With help, kids can overcome apraxia of speech
Nancy E. Labaki, M.A., CCC-SLP
MedCentral Pediatric Therapy
As parents of most healthy kids know, speaking is easy for them after they've had a chance to practice syllables and words. But it isn't easy for children with apraxia of speech. This motor speech disorder prevents kids from consistently moving their face, tongue, lips and jaw into the correct position to make speech sounds or produce syllables or words.
Symptoms of apraxia of speech may include:
- Difficulty imitating mouth movements
- Use of vowels, grunting or single syllables for communication
- Limited ability to produce speech sounds
- Inconsistent speech sound errors
- Groping for correct placement of the tongue, lips and jaw during speech
- Abnormal voice quality
- Omission of words in sentences
- Unusual or lack of facial expression
- History of feeding difficulties
- Limited expressive language skills, in spite of good understanding of language.
When a physician suspects a child might have apraxia of speech, he or she might ask that a certified speech-language pathologist (SLP) assess the child's oral-motor abilities, melody of speech and speech sounds development. The SLP will determine if speech is developing normally, at a slower rate than typical or if the speech is truly disordered. A child's speech and language skills are considered to be developmentally delayed when the child is following the normal path of development, just at a slower rate. In contrast, some children are able to understand language (good receptive language skills), but have unclear speech - or no expressive speech at all. This might simply indicate an expressive language disorder; however, the child should be evaluated for the presence of a specific speech disorder such as apraxia. In addition to the unclear or absent speech we observe with apraxia, many kids also need to develop language skills, such as using appropriate word endings, verb tenses and sentence structure.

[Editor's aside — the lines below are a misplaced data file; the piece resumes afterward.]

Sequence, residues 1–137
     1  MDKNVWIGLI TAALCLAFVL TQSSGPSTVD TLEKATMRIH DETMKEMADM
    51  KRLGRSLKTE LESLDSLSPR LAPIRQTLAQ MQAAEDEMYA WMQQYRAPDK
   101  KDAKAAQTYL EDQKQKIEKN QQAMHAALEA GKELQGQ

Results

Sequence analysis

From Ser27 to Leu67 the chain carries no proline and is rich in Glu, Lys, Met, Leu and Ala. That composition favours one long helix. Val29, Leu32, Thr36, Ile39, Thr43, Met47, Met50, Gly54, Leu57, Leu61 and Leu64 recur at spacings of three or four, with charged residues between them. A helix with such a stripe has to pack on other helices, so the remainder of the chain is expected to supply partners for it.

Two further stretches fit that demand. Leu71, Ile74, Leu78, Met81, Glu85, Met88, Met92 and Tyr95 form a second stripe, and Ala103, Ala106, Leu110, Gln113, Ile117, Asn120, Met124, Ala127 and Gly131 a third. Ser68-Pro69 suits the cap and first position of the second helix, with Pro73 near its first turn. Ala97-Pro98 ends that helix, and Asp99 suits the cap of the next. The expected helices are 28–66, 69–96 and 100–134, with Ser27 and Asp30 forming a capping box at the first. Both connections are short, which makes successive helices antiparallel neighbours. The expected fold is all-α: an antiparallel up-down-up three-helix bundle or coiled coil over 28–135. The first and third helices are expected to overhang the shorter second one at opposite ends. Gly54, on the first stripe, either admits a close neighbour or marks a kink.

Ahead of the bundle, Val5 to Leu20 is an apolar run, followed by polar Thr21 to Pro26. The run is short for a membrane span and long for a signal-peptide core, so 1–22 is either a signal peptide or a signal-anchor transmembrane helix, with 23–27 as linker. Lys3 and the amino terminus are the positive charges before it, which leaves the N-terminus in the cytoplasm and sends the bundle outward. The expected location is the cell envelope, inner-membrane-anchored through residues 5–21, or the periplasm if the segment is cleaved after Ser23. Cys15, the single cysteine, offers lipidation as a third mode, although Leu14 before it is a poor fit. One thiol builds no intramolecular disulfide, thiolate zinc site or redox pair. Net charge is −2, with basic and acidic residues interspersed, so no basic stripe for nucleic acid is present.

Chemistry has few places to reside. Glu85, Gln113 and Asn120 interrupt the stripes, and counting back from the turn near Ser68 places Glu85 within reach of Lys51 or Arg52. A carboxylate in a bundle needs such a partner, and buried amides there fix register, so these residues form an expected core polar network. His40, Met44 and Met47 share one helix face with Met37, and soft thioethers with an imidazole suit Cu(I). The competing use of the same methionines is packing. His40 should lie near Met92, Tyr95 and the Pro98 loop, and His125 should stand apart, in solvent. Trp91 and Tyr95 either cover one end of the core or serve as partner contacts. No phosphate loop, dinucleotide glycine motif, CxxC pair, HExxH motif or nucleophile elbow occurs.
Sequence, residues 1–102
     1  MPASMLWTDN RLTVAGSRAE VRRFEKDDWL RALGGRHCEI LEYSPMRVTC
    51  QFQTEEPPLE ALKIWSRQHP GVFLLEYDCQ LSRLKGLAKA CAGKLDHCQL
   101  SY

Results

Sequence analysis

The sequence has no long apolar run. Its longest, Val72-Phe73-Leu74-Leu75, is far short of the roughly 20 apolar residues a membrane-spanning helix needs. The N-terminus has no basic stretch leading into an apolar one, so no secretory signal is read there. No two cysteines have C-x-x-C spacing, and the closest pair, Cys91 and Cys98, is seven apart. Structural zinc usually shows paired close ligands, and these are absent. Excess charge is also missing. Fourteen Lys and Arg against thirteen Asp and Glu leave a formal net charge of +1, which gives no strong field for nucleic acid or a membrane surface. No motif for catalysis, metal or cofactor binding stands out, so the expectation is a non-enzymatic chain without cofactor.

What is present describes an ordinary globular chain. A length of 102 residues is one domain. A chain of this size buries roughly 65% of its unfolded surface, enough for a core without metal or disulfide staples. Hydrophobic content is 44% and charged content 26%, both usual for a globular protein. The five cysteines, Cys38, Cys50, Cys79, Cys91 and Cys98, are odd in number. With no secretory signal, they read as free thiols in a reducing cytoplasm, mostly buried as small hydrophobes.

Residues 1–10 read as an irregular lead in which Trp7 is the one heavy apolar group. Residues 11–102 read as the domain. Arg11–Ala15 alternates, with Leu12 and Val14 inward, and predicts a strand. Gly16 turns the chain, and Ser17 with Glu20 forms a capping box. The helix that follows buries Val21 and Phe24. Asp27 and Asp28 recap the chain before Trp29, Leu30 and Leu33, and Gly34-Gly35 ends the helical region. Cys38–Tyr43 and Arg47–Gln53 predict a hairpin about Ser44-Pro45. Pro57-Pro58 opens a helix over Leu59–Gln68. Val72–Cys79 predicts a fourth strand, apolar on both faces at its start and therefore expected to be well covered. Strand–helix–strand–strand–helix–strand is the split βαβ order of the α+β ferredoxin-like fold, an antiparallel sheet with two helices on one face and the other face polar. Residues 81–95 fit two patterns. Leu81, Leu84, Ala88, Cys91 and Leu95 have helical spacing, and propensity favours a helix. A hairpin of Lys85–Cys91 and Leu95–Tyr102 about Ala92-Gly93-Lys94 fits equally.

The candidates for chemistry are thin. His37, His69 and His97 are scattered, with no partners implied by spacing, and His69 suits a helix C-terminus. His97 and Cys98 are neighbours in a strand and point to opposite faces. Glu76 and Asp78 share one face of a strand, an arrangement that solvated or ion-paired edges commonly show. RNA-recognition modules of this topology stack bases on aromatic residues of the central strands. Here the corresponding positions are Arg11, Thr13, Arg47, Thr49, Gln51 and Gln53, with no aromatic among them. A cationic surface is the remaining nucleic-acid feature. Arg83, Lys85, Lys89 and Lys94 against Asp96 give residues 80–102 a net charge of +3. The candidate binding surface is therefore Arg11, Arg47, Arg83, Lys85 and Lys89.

With some exceptions, most children with apraxia of speech learn to speak clearly. Some might have minor lingering differences in their speech patterns, and a few might even need alternative methods of communication. One thing that is certain is that learning to speak clearly is often very challenging for children with apraxia, and treatment might be necessary for a long time. Children with apraxia benefit most from intensive one-on-one treatment programs. Typical articulation and language therapy approaches are not very effective for these children. Kids with apraxia of speech benefit more from a combination of apraxia specific tools used by a SLP, in addition to oral-motor exercises, tactile "touch" cues, visual cues (watching in a mirror) and auditory feedback. The SLP will design a therapy regimen that best suits your child, and will modify that approach as your child's speech improves.
Because many of these children will become frustrated in their efforts to communicate, a strong family support system is critical. Encouraging children in their communication efforts and providing unconditional support will help them feel like and become successful communicators.
If you think your child may have any symptoms of apraxia, please discuss it with your physician, consult with a speech therapist in your area or visit the American Speech-Language-Hearing Association online at www.asha.org.